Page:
The starting point for this blog came from my realisation that I love both history and crafting. Quite often the one does not occur without the other. As a Historian I love visiting houses, castles and museums. Inevitably my eye is drawn to the embroidery on display. If I’m reading about someone like Katherine of Aragon, Bess of Hardwick or Mary Queen of Scots I am intrigued by their experiences as needlewomen as well as the finished works. I want to know the stories of the people who created the textiles we see around us, I want to know how they did it and, usually, I want to have a go.
I should add that I’ve been messing around with fabrics and threads since I was knee high to a grasshopper. I stitched through my O levels, A levels, a couple of degrees and as a way of relaxing during my years as a teacher. I’ve stitched kneelers for a church, been a member of the Embroiderer’s Guild and given hand stitched samplers as christening or wedding gifts.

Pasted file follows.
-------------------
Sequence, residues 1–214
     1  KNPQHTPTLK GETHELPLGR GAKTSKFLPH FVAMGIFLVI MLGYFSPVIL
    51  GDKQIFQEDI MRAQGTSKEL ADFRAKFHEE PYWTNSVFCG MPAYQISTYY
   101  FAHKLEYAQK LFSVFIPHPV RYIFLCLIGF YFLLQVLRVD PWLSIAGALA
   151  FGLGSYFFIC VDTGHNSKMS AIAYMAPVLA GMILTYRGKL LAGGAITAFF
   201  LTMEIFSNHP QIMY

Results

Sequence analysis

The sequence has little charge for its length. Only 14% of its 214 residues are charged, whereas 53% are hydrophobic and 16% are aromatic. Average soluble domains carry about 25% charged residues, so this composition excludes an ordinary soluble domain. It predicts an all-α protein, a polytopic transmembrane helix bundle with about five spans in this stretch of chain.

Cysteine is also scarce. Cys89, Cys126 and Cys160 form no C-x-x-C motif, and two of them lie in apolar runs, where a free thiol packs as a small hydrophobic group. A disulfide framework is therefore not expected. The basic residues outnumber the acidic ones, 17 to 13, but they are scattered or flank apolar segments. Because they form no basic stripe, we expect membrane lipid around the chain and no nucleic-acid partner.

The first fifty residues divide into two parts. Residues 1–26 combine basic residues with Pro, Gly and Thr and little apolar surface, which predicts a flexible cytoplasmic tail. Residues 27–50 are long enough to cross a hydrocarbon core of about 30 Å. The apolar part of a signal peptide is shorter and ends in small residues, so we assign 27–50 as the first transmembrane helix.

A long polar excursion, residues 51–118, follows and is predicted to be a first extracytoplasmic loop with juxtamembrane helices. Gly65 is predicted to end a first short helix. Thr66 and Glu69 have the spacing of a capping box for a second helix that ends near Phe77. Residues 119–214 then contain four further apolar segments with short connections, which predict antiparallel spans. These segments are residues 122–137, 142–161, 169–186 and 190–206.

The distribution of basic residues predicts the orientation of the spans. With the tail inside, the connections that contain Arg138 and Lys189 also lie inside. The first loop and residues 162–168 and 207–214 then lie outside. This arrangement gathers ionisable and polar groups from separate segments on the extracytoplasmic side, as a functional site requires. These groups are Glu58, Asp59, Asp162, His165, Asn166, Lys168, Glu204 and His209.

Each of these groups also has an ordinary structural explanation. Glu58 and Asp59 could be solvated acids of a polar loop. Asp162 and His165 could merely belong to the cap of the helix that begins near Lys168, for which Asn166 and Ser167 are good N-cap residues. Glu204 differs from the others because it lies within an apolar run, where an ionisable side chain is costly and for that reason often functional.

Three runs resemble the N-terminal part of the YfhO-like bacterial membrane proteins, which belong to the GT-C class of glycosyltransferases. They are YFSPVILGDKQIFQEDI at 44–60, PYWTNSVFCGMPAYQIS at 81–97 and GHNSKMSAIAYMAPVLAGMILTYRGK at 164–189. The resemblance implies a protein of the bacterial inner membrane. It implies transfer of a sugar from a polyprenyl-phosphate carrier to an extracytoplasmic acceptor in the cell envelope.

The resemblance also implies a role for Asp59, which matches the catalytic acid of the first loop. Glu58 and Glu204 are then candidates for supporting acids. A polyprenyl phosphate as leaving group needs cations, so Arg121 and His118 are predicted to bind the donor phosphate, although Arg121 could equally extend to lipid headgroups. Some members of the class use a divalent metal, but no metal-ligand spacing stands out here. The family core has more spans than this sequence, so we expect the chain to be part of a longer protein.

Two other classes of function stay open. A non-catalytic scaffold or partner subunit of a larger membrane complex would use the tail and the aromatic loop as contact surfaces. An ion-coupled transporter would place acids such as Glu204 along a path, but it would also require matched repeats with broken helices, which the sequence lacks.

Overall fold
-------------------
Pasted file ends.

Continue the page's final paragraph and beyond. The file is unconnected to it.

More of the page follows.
Often, books are published from historical or practical viewpoints but rarely both. I also realised that whilst needle felting is currently very popular as is crochet that cross stitching is less popular than it once was and that blackwork embroidery and gold work remain relatively obscure.
I envisage that The Sewing Jar will offer a view both historical and practical to all kinds of needle crafts, depending on my whim at the time or the UFO (unfinished object that I have picked up determined to complete).
I offer talks on the history of blackwork embroidery and also on the development of cross stitch samplers. Please contact me using the form below if you are interested in me giving a talk for your organisation.